20 Literature review 2009; WONG et al. 2009; XU et al. 2009; ZHANG et al. 2009c; GU et al. 2010a; LI et al. 2010; THOMANN et al. 2010) Special manufacturing procedures like extrusion or hot rolling which lead to grain refinement and thus slower degradation (WANG et al. 2007; LI et al. 2008) Surface treatments such as alkaline heat treatment or pre-incubation in NaOH or SBF which deliver a passivated, more corrosion resistant surface (LI et al. 2004; GU et al. 2009b; LORENZ et al. 2009) Combinations of the aforementioned Among these methods the alloying with other elements in order to manipulate the mechanical and corrosion properties of magnesium is by far the most commonly used. The most important drawback in this respect is the fact that the toxicological potential of most of these elements when introduced into the body in larger quantities is unknown (YUEN and IP 2010). Aluminium was reported to be correlated with neurological disorders like Alzheimer s disease (EL-RAHMAN 2003). Lithium is potentially nephrotoxic and teratogenic (BICHET 2006; GILES and BANNIGAN 2006). Zirconium was reported to be associated with liver, lung, breast and nasopharyngeal cancer (SONG 2007). The long-term toxicity of rare earth elements is unresolved and may comprise hemolysis, chromosomal aberrations and hepatotoxicity (GU et al. 2009a). Whether these observations might pose limitations to the choice of alloying material remains to be figured out. Apart from the composition of the implant itself the corrosion milieu has a critical influence on the degradation process. Metallic magnesium corrodes in an aqueous environment according to the following reaction (MUELLER et al. 2010): Mg + 2H 2 O Mg( OH ) 2 + H 2 Thus, magnesium degradation results in the formation of hydrogen gas and magnesium hydroxide, the latter leading to an alkalinization of the corrosion milieu

21 Literature review In case the corrosion medium contains chloride a second reaction occurs in which water soluble magnesium chloride is generated (MUELLER et al. 2010): Mg 2 ( OH ) 2 + 2Cl MgCl2 + OH These processes are illustrated in Fig. 4a and b. Fig. 4: Reactions between magnesium alloys and SBF; a) formation of Mg(OH) 2, b) formation and solution of MgCl 2, c) formation of phosphate-containing precipitates (from ZHANG et al. 2009b)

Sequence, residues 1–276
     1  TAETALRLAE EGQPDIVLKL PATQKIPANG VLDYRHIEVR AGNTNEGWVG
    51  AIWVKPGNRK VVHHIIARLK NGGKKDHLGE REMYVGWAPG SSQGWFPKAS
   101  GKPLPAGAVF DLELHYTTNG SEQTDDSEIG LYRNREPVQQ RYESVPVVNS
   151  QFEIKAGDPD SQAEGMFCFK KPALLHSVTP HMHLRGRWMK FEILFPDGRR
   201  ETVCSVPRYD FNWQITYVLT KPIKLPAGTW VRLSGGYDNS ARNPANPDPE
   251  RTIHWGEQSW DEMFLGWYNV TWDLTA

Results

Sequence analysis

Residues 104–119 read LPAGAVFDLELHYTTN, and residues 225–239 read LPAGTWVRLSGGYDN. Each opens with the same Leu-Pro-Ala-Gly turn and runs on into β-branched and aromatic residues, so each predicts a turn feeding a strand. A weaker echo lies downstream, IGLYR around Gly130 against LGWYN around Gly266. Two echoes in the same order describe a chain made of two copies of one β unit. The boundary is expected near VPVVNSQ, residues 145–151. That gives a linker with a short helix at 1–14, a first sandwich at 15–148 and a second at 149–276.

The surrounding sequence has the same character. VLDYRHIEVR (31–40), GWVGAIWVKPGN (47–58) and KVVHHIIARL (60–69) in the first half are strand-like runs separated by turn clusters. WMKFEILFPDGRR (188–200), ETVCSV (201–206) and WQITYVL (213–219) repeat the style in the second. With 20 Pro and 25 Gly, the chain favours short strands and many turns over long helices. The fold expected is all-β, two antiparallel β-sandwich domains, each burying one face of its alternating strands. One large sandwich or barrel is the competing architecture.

22 Literature review This is why chloride anions are considered aggressive ions which induce a rapid, localized pitting corrosion attack when the concentration exceeds 30 mmol/l e.g in blood plasma where the chloride concentration is 103 mmol/l (OYANE et al. 2003; SHAW 2003). This leads to an inhomogenous degradation of the implant material. The deposition of magnesium hydroxide on the implant surface itself is supposed to protect the underlying material from further corrosion (SHAW 2003). Unfortunately, it is only stable in a strongly alkaline environment and degradation progresses comparatively faster when the ph milieu is kept constant (WITTE et al. 2005). In a tissue a neutral ph is probably maintained despite magnesium degradation due to the presence of buffer substances in body fluids and the removal of corrosion products via circulation (LORENZ et al. 2009). It may therefore be expected that magnesium implants degrade more rapidly in vivo than in vitro. However, this does not seem to be the case. WITTE et al. (2006) reported an in vitro degradation rate several orders of magnitude higher than observed in vivo for the same alloys. This may be explained by differences in the composition of the corrosion environment, especially if standardized in vitro corrosion tests are performed using technical solutions (X% NaCl representing the simplest versions)(mueller et al. 2009; YAMAMOTO and HIROMOTO 2009). Those lack a large number of constituents of body fluids including various anorganic ions in different concentrations, buffer substances, amino acids and proteins (RETTIG and VIRTANEN 2008; XIN et al. 2008; MUELLER et al. 2009). Especially proteins seem to be of major relevance as they were shown to retard magnesium degradation (YAMAMOTO and HIROMOTO 2009; KIRKLAND et al. 2010). Moreover, most in vitro corrosion tests are performed in a static setup which does not take circulation into account (LEVESQUE et al. 2008; XIN et al. 2010) and the calculation of a corrosion rate from in vitro experiments is very difficult if pitting corrosion occurs (MUELLER et al. 2009) which makes comparisons even more complicated. As far as the in vivo application of magnesium-based implants is concerned a further factor comes into play regarding the suitability of the material. This factor is the mechanical integrity of the implant during the period of degradation because